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On Environmental Policy and Jobs: An Analogy with Trade and an Illustration with Coal

Date/Time: 
Wednesday, September 12, 2018 - 12:00pm to 1:15pm
Venue: 
157 Hosler
Jeremy G. Weber, University of Pittsburgh
 

Paper Abstract

Popular discussions of environmentally-motivated policies include much talk about job loss that can be confusing. Does the potential for job loss in a polluting industry mean that others should endure dirty air? I make sense of the issue by drawing concepts from research on international trade and its effects and applying them to recent job loss in the coal mining industry. The coal case study illustrates the economic adjustment that could plausibly stem from environmental policy as well as the equity, efficiency, and political issues that adjustment raises. Each mining job lost reduced earnings in the county by nearly $100,000, and one third of those who lost jobs did not move and remained unemployed. The losses fell upon counties that already had low median household income and caused them to shift towards pro-coal Trump in 2016 presidential election, a shift that arguably allowed him to win Pennsylvania. More broadly, a type of environmental adjustment assistance may improve the equity and political feasibility of environmental policies that benefit many but harm some. The how and when of assistance is unclear, but one case ripe for study is the recent Assistance to Coal Communities initiative.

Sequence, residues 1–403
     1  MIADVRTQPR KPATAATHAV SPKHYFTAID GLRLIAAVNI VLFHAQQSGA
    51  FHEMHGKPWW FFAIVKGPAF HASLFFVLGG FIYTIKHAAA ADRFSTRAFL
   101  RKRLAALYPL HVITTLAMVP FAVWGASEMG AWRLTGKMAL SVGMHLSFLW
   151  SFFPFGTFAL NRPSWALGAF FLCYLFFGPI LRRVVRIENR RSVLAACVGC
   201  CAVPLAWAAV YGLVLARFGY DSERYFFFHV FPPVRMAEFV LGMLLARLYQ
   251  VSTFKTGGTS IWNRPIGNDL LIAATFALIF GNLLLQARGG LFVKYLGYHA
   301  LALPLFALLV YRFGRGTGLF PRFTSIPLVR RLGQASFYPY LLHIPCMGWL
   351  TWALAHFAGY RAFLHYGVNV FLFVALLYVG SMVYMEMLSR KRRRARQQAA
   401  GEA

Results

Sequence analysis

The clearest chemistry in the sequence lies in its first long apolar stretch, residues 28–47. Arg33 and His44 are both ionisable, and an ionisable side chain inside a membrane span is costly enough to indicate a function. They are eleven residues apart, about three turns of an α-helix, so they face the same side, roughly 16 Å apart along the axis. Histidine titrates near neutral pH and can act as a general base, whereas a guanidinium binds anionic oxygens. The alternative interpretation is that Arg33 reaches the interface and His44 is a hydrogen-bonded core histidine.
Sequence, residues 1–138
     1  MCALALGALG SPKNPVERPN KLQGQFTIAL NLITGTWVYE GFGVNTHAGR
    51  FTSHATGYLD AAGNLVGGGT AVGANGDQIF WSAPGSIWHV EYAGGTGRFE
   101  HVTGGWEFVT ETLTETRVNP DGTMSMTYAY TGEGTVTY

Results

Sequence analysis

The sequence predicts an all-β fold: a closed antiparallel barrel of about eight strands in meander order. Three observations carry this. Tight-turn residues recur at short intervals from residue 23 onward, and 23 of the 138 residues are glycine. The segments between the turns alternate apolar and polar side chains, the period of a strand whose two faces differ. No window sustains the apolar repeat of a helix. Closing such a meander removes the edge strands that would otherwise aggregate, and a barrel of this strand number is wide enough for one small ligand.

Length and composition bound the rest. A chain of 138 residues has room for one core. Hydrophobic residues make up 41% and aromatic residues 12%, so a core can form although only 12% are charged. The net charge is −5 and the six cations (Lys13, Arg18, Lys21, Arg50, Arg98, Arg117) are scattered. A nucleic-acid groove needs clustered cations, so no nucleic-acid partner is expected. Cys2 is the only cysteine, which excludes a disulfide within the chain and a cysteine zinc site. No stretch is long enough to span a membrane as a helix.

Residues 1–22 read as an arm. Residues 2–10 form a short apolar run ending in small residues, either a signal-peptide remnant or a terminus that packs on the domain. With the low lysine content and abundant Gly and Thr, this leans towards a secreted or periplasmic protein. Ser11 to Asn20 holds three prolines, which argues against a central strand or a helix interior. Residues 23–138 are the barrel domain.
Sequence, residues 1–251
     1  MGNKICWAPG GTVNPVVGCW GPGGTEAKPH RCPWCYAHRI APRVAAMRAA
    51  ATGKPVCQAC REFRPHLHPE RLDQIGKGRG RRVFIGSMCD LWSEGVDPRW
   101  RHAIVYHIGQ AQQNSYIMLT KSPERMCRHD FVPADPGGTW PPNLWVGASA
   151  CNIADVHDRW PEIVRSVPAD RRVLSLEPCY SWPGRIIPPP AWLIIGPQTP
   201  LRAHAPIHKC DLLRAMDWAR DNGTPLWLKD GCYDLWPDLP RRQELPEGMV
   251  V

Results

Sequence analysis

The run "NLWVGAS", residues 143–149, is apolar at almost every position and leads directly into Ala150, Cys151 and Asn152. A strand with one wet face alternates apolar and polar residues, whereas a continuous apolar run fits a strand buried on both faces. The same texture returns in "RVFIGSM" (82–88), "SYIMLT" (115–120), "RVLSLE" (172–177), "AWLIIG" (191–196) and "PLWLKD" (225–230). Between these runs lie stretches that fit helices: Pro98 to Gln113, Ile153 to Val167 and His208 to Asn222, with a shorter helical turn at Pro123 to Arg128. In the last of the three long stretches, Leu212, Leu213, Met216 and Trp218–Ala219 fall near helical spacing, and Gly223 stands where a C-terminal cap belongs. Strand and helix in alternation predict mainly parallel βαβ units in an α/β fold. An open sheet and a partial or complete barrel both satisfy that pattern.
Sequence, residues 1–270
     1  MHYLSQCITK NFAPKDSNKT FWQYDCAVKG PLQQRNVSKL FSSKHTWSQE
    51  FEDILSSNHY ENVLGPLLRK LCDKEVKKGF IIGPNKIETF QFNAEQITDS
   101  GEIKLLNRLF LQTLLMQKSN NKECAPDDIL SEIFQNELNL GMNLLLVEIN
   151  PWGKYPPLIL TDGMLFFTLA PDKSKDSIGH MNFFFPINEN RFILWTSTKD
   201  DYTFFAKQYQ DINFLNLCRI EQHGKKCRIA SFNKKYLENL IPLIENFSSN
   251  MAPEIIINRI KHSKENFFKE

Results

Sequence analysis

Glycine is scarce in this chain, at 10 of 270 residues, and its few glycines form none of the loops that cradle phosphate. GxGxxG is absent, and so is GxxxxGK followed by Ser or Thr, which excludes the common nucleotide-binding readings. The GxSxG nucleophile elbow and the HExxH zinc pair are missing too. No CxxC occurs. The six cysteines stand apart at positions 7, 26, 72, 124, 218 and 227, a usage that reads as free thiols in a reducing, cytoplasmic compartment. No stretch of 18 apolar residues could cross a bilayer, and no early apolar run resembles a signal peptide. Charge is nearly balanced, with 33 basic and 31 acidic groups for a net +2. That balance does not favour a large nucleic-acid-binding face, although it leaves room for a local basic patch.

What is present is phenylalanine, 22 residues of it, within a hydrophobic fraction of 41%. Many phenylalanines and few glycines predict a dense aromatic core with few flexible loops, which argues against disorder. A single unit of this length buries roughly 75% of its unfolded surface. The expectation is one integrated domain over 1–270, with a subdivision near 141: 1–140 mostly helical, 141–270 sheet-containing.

A working paper of this talk can be obtained by contacting Beth Tamminga at bub6@psu.edu.

 

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